Emissions on the agenda
The Green Party’s transport strategy unveiled on September 29 includes banning new vehicles that are fossil-fuelled from crossing the border in 10 years’ time.
It also includes incentives to shift heavy freight to zero-emission vehicles by 2050, a discounted national travel pass and expanding public-transport networks, such as railways nationwide.
James Shaw, party co-leader, says: “As we recover from Covid-19, we have an opportunity to rebuild our communities in a way which tackles the climate crisis and makes our communities healthier in the long term.
“Decades of under-investment in rail and public transport has led to an over-reliance on cars. It’s worsening the climate crisis, and has made getting around our cities and between them expensive and difficult.
“We will introduce a target date linked to the date set by the UK, likely to be 2030, at which point only zero-emission light vehicles would be able to be imported into Aotearoa.”
“We chose this date because we don’t want New Zealand to become a dumping ground for other countries’ dirty discards.”
While the so-called clean-car standards are not specified in the Greens’ transport policy, its section on emissions and energy states, “efficiency transport is responsible for a significant amount of carbon-dioxide emissions”.
The party adds: “We will use regulations and economic instruments to improve energy efficiency, reduce harmful vehicle emissions and improve the fuel economy of the fleet.”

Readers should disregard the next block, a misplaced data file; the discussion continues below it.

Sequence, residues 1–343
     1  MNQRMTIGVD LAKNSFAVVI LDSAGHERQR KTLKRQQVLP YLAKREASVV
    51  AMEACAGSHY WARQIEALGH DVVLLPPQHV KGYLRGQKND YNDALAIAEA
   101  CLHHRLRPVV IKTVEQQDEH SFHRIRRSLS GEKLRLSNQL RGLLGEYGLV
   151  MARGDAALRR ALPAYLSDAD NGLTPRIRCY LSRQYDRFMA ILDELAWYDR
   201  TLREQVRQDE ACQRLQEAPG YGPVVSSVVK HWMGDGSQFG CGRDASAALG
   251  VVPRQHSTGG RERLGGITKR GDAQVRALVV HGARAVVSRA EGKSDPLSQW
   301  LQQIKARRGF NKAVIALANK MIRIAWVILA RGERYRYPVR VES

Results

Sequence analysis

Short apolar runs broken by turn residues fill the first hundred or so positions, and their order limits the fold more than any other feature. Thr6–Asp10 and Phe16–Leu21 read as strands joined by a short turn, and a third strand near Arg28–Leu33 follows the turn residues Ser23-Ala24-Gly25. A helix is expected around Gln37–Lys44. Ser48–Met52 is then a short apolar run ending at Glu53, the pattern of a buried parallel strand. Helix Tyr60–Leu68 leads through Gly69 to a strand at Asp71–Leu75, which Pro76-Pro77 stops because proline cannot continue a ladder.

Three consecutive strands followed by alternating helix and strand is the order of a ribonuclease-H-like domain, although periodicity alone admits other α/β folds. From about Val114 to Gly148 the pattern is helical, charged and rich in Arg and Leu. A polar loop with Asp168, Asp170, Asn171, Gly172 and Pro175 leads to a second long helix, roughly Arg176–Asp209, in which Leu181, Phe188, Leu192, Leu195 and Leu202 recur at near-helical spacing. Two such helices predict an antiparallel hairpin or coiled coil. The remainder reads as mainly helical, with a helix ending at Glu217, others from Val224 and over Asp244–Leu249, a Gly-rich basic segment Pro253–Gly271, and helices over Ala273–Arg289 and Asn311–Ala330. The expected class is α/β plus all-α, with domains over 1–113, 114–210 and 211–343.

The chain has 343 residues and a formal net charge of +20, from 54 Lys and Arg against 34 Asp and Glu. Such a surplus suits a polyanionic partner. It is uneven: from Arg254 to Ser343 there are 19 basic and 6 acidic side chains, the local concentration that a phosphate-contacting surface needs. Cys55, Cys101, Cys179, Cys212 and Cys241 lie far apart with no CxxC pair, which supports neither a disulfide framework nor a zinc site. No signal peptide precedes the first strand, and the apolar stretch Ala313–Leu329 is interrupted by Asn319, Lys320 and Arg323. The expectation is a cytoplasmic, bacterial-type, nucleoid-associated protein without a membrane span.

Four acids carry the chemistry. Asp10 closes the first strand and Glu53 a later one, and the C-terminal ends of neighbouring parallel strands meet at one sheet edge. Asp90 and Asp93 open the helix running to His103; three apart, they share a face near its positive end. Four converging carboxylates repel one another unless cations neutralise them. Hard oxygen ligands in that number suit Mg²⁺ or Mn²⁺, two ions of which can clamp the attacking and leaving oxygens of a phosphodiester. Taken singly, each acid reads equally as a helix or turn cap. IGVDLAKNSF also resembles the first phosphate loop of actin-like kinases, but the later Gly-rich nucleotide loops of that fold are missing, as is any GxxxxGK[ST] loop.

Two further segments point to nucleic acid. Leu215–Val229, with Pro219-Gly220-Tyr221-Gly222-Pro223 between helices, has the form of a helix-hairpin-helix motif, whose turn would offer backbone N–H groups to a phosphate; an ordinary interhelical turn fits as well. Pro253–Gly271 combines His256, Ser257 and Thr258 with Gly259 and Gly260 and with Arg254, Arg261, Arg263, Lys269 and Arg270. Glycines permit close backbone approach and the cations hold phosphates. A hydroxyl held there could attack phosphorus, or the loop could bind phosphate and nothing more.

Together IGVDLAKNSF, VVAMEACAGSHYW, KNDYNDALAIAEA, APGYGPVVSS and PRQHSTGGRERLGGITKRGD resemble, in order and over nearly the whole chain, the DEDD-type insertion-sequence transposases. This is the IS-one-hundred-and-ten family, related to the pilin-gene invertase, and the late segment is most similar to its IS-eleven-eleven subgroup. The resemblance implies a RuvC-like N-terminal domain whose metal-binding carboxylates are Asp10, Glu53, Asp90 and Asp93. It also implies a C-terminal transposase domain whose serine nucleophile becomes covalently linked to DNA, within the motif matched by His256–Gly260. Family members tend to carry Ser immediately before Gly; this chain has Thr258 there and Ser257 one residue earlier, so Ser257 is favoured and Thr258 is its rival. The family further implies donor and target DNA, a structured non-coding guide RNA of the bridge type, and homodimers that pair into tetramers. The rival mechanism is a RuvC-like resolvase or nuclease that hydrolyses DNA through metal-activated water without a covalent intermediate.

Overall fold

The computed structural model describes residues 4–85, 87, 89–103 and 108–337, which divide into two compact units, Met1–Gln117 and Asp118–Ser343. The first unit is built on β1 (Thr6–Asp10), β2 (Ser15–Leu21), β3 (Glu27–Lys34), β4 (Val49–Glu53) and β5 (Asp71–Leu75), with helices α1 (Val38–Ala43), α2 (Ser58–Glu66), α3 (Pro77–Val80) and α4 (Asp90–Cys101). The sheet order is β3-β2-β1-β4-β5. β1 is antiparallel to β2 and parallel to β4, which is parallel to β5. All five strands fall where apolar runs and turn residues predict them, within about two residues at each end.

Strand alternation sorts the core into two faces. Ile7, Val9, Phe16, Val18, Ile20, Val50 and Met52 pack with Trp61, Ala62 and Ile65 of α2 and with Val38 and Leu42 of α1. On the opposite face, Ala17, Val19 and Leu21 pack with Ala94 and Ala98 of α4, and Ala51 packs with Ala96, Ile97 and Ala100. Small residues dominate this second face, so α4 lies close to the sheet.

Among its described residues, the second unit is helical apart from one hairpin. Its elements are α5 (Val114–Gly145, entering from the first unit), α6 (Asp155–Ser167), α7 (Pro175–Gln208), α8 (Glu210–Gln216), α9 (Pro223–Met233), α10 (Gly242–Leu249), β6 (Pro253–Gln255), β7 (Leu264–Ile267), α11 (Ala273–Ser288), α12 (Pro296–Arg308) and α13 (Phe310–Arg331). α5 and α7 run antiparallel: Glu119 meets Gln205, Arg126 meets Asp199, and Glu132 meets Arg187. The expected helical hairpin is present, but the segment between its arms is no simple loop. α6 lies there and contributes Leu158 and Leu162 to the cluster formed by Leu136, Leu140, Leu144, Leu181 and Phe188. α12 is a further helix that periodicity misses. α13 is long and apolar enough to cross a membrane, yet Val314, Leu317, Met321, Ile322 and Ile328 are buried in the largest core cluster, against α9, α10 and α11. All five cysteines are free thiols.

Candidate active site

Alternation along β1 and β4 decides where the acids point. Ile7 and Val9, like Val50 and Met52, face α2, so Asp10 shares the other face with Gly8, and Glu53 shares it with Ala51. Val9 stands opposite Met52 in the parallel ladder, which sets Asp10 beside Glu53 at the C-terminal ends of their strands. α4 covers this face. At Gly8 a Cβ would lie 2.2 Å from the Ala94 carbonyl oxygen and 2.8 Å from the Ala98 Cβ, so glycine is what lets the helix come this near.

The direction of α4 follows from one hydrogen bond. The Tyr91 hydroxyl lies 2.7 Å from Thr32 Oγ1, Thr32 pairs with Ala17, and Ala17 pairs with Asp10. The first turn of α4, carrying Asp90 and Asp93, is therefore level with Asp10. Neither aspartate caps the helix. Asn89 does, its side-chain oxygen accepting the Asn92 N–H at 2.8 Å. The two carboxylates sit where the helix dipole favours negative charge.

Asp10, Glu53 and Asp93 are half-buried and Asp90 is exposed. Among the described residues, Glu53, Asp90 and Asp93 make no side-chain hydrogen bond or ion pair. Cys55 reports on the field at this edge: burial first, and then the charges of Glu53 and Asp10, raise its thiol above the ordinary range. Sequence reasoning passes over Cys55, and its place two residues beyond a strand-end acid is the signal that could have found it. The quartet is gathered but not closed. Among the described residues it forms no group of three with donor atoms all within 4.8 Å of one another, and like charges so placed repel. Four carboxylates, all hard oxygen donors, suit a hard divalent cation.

Shaw, pictured, also wants government funding to prioritise moving people and freight – not cars – and the party’s key message of “we can switch from fossil fuels to EVs” includes private owners being supported to switch to EVs and the government leading by example by transitioning its fleet to electric.
The party is also calling for a nationwide EV charging network to be built, and for public transport funding to encourage low and zero-emissions buses and trains.
In addition, it wants exhaust-emissions standards to be regularly updated to ensure only clean vehicles enter the country, and “fuel standards should meet or exceed international best practice”.
Other policy strands include reviewing the road-user charges system and investigate if it should be replaced by fuel tax or extended to other vehicles over time.